For hundreds of years, heap leach pads were simple constructions of graded and berm soil with ore piled directly on top of the ground. In the 1960s to 1980s, mine operators finally began to put the various geomembrane products available to good use in lining these pads. Yet, there’s no reason why a heap leaching mound should only feature a single layer of liner at the very bottom. In fact, some of the latest designs in this technique call for lining every lift instead of just the pad. This creates a series of mini-pad layers that can offer a number of benefits over the single liner system.
First, interlift liners help reduce the compression effect caused by the accumulated weight of the fines. As the fines press down with each new lift added, it’s easy for compacted areas to develop that crush just some of the pipes or tear through a section of the bottom liner. By adding a liner as every level or every few levels of ore are added, the weight of each lift is better distributed across the entire surface area of the pad. This can prevent both leaks and a lack of leachate flow over time.
Controlling Horizontal Losses
Horizontal losses of leachate aren’t common with most heap leaching mounds, but they can be an issue in valley designs. If the valley isn’t completely bermed and lined, contact between the heaped ore and the surrounding soil can lead to leachate traveling out of the containment area. Interlift liners stop the risk of that kind of loss by ensuring there is no contact between the mound and the soil around the edges of the pad. Each new layer of liner overlaps to create a completely enclosed system. This is important if high levels of lixiviant are used for the extraction process.
Spreading out the weight of each lift as widely as possible does more than just control compression from the force pressing downward on the collection system. It also reduces the chances of sliding and slumping occurring between the layers of material. Isolating each lift that is added with a geomembrane stops vertical cracks and rifts from traveling upward through a heap. This can be a real issue with irrigation since water can always move unevenly through the material and cause it to wash out below the surface. Interlift systems allow for better stabilization at every level, ensuring there’s as little risk of a sudden collapse or shift as possible.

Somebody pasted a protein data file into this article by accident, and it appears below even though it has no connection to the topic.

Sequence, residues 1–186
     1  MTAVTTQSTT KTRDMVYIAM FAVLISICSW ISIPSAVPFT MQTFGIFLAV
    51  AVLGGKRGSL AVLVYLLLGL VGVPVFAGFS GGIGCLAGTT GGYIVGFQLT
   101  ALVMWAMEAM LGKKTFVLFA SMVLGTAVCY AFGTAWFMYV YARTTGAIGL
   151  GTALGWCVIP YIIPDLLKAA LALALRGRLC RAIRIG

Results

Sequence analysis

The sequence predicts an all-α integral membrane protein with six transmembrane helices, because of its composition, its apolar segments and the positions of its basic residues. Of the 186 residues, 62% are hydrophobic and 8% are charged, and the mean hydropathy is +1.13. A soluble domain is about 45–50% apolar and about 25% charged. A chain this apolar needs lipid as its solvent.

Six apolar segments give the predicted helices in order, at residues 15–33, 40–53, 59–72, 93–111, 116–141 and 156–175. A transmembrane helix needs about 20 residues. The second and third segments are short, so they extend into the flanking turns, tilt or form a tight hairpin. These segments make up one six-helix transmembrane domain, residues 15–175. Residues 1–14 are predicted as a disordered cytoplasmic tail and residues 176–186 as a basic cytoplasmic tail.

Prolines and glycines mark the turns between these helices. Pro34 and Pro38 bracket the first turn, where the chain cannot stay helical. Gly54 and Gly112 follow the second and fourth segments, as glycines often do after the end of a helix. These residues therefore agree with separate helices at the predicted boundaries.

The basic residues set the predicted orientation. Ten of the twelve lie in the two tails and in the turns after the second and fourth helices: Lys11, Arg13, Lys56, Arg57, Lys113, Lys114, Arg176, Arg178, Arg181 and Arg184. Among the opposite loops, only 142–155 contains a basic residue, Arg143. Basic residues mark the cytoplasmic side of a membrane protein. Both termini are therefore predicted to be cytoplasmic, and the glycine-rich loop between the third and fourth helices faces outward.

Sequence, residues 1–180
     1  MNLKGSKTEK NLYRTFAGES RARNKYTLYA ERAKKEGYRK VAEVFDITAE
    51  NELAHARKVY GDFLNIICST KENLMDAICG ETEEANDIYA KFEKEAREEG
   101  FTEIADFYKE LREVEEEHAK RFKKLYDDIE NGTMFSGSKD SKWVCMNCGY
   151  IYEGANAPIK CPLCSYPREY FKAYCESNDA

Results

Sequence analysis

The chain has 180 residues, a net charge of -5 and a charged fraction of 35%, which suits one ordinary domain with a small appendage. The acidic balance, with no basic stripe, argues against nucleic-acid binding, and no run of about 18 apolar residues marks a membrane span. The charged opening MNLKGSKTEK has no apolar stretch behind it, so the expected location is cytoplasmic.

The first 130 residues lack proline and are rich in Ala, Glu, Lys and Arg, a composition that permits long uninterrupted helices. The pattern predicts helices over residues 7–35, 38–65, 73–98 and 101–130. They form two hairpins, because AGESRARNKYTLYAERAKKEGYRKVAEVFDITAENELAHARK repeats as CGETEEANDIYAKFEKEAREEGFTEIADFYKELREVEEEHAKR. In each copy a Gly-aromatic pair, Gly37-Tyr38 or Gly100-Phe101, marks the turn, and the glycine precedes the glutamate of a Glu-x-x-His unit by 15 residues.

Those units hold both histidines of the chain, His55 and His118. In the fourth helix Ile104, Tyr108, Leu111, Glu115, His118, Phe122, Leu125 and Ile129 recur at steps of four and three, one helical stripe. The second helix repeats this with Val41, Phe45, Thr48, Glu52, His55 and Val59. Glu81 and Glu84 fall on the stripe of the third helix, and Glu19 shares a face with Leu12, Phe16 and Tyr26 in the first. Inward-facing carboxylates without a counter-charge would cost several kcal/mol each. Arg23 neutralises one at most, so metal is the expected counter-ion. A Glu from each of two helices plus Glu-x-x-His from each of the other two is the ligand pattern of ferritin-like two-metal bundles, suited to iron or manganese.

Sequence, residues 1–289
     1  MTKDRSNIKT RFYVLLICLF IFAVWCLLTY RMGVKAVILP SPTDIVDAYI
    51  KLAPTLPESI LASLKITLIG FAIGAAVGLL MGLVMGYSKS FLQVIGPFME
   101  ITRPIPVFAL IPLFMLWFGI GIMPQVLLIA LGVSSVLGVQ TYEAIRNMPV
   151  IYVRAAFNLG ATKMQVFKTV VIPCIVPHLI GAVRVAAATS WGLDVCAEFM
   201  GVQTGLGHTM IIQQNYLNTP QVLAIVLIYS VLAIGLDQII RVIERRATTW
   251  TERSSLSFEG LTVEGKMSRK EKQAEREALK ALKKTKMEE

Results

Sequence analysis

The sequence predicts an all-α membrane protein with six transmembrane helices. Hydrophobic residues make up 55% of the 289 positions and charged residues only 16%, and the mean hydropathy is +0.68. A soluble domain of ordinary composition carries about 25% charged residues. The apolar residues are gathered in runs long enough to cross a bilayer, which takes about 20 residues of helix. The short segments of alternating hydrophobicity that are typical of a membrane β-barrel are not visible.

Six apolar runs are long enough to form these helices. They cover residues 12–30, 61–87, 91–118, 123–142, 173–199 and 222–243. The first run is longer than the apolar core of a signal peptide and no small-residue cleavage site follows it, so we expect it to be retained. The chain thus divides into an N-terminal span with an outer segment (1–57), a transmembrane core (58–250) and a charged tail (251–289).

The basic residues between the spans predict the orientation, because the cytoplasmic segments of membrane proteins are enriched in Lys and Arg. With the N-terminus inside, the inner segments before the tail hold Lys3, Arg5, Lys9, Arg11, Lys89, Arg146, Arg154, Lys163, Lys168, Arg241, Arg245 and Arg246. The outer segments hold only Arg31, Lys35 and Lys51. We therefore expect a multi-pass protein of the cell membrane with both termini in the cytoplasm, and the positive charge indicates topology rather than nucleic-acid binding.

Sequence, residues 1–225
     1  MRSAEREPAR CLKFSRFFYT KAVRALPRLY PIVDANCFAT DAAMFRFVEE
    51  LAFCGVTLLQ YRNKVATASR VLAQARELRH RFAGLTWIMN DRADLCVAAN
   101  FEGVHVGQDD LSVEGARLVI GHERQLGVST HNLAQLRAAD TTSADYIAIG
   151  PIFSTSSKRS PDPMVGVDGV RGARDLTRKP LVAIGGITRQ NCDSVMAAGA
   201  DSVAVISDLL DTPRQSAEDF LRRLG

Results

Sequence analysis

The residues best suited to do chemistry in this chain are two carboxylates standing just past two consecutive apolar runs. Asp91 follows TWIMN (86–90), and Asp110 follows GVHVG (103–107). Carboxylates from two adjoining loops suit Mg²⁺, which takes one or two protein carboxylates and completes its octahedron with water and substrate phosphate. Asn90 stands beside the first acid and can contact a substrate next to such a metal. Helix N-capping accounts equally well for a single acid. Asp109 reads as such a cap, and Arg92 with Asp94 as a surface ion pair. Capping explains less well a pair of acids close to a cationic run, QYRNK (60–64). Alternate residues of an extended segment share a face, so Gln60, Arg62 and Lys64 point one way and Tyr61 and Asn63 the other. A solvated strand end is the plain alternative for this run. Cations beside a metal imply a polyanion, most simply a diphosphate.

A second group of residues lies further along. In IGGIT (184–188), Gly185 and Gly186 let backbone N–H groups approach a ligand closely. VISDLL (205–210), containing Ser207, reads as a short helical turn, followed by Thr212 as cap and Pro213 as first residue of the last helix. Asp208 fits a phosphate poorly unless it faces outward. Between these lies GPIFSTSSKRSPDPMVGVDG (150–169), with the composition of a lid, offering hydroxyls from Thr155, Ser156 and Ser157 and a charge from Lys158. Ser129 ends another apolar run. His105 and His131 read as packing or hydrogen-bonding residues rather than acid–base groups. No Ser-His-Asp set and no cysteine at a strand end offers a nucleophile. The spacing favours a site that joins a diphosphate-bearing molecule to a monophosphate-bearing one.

The lifts used today in modern heap leaching are far thinner than the layers once used for the traditional form of this procedure. However, they’re still quite thick on many projects, with average lift height ranging anywhere from just 2 feet to 20 feet or more. The thicker the lift layer, the more likely it needs an interlift liner system to support it. Thicker lifts produce more leachate, and the compaction that occurs between layers can make it hard for large amount of liquid to cross the barrier. Liners help direct that volume to a drainage and storage system rather than allowing it to trickle straight down, reducing the chances of destabilization and other issues.
Greater Total Height
With both greater stability and less compression occurring with an interlift system of liners, it’s possible to build a heap with a far greater total height than with a single layer of liner at the bottom. With demand for heap height growing as leachate techniques improve, it’s not surprising that many operators have pushed the limits to stack ore as high as 300 to 500 feet above the pad. With that much ore in one place, it’s essential to reduce the risks of a collapse or slide as much as possible.
BTL Liners has the products you need for a complete interliner system. Our flexible RPE liners can stabilize each lift of a system for better capture and leachate control. Let our reinforced geomembranes add stability so you can stack the ore fines as high as you like.